Employee A separates from service on December 15, 2020. On December 
15, 2020, Corporation X pays $250,000 (the deferred $200,000 of 
salary plus $50,000 in earnings).
    (B) Conclusion. If this Sec.  1.162-33 applies, Employee A is a 
covered employee for Corporation X's 2020 taxable year. Employee A's 
deferred compensation agreement is not a material modification of 
the written binding contract in effect on November 2, 2017, because 
the earnings to be paid under the deferred compensation agreement 
are based on a predetermined actual investment (as defined in Sec.  
31.3121(v)(2)-1(d)(2)(i)(B)). The deduction for the $50,000 of 
earnings to be paid that exceed the amount originally payable to 
Employee A under the written binding contract ($200,000 of salary) 
are subject to this section (and not Sec.  1.162-27). This section 
does not apply (and Sec.  1.162-27 does apply) to the deduction for 
the $200,000 portion of the $250,000 payment because Corporation X 
was obligated under applicable law to pay as of November 2, 2017. 
Pursuant to Sec.  1.162-27(c)(2), Employee A is not a covered 
employee for Corporation X's 2020 taxable year; thus, the deduction 
for the $200,000 payment is not subject to section 162(m)(1).
    (viii) Example 8 (Compensation subject to mandatory recovery by 
corporation)--(A) Facts. Employee B serves as the PFO of Corporation 
Z for its 2017 through 2019 taxable years. On October 2, 2017, 
Corporation Z executed a bonus agreement with Employee B that 
provides for a performance bonus of $3,000,000 to be paid on May 1, 
2019, if Corporation Z's net earnings increase by at least 10% for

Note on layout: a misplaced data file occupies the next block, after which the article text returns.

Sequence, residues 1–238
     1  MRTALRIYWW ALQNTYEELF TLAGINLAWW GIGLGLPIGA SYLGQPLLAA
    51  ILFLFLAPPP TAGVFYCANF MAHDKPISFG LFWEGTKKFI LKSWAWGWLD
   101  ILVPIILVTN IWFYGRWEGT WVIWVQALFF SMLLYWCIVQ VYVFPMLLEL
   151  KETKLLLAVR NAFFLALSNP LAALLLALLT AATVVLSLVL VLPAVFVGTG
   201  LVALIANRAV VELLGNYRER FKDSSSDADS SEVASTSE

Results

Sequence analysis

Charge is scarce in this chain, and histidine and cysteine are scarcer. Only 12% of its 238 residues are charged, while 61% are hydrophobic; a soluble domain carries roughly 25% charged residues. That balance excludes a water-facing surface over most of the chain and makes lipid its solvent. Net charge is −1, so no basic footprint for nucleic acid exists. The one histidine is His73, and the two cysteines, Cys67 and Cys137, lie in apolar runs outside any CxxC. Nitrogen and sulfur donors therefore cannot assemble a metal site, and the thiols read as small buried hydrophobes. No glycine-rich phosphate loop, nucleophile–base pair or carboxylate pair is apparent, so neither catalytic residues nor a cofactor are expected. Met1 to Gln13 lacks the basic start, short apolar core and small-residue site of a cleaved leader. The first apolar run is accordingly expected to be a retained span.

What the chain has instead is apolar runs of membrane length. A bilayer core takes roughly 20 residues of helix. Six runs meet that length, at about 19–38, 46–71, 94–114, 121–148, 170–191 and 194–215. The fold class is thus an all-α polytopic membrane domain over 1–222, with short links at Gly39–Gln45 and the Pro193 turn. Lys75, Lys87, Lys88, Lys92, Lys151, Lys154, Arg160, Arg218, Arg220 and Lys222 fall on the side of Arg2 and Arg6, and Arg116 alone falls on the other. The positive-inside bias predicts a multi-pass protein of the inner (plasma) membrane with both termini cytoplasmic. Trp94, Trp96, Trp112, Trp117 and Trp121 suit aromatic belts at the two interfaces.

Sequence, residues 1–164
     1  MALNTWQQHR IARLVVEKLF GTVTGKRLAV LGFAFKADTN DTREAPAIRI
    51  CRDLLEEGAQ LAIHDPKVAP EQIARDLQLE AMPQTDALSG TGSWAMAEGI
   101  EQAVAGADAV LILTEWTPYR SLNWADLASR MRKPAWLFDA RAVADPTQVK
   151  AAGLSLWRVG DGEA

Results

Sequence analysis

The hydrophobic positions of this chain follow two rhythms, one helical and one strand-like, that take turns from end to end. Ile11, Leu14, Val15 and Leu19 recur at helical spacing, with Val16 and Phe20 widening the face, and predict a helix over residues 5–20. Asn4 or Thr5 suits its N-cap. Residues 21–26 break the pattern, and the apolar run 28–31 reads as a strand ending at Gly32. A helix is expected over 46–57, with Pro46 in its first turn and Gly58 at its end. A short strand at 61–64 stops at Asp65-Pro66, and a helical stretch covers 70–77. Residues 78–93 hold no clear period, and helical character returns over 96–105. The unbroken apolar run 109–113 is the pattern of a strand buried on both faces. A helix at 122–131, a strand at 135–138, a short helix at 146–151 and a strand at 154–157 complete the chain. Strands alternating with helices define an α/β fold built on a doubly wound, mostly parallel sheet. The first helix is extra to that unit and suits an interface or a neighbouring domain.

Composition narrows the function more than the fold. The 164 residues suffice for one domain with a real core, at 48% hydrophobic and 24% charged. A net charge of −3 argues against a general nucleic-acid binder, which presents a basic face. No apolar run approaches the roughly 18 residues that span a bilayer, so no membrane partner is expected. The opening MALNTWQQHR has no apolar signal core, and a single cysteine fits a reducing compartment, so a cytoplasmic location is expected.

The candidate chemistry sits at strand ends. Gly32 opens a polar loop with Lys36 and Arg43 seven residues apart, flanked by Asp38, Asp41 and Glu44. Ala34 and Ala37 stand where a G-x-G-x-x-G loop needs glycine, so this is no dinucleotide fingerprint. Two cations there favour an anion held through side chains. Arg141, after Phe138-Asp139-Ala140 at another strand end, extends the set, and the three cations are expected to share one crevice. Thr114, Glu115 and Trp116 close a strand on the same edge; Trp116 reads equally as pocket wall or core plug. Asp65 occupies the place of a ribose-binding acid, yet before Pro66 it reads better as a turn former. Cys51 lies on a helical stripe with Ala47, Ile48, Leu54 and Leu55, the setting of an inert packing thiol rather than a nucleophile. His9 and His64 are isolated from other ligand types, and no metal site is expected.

its 2018 taxable year based on the financial statements filed with 
the SEC. The agreement prohibits Corporation Z from reducing the 
amount of the bonus for any reason but provides that, if the bonus 
is paid and subsequently the financial statements are restated to 
show that the net earnings did not increase by at least 10%, then 
Corporation Z shall recover the $3,000,000 from Employee B within 
six months of the restatement. Under applicable law, the agreement 
for the performance bonus constitutes a written binding contract in 
effect on November 2, 2017, to pay $3,000,000 to Employee B if 
Corporation Z's net earnings increase by at least 10% for its 2018 
taxable year based on the financial statements filed with the SEC. 
On May 1, 2019, Corporation Z pays $3,000,000 to Employee B because 
its net earnings increased by at least 10% of its 2018 taxable year.
    (B) Conclusion. If this Sec.  1.162-33 applies, Employee B is a 
covered employee for Corporation Z's 2019 taxable year. The terms of 
the contract providing for recovery of the $3,000,000 do not 
preclude Corporation Z from being contractually obligated under 
applicable law to pay $3,000,000 to Employee B if the net earnings 
increase by at least 10% for its 2018 taxable year. Because the 
October 2, 2017, agreement is a written binding contract to pay 
Employee B $3,000,000 if Corporation Z's net earnings increase by at 
least 10% for its 2018 taxable year based on the financial 
statements filed with the SEC, this section does not apply (and 
Sec.  1.162-27 does apply) to the deduction for the $3,000,000 
payment. Pursuant to Sec.  1.162-27(c)(2), Employee B is not a 
covered employee for Corporation Z's 2019 taxable year, so the 
deduction for the $3,000,000 payment is not subject to section 
162(m)(1).
    (ix) Example 9 (Compensation subject to discretionary recovery 
by corporation)--(A) Facts. The facts are the same as in paragraph 
(g)(3)(viii) of this section (Example 8), except that the agreement 
provides that, if the financial statements are restated to show that 
the net earnings did not increase by at least 10%, then Corporation 
Z may, in its discretion, recover all or a portion of the $3,000,000 
bonus from Employee B within six months of the restatement. Under 
applicable law, the agreement constitutes a written binding contract 
in effect on November 2, 2017, to pay $3,000,000 to Employee B if 
the conditions are met. However, under applicable law, taking into 
account the employer's ability to exercise discretion and the 
employer's past exercise of such discretion with respect to a 
recovery in the event of an earnings restatement, on November 2, 
2017, the bonus plan is a written binding contract only with respect 
to $500,000 if Corporation Z's financial statements are restated to 
show that the net earnings did not increase by at least 10%. On May 
1, 2019, Corporation Z pays $3,000,000 to Employee B. On July 1,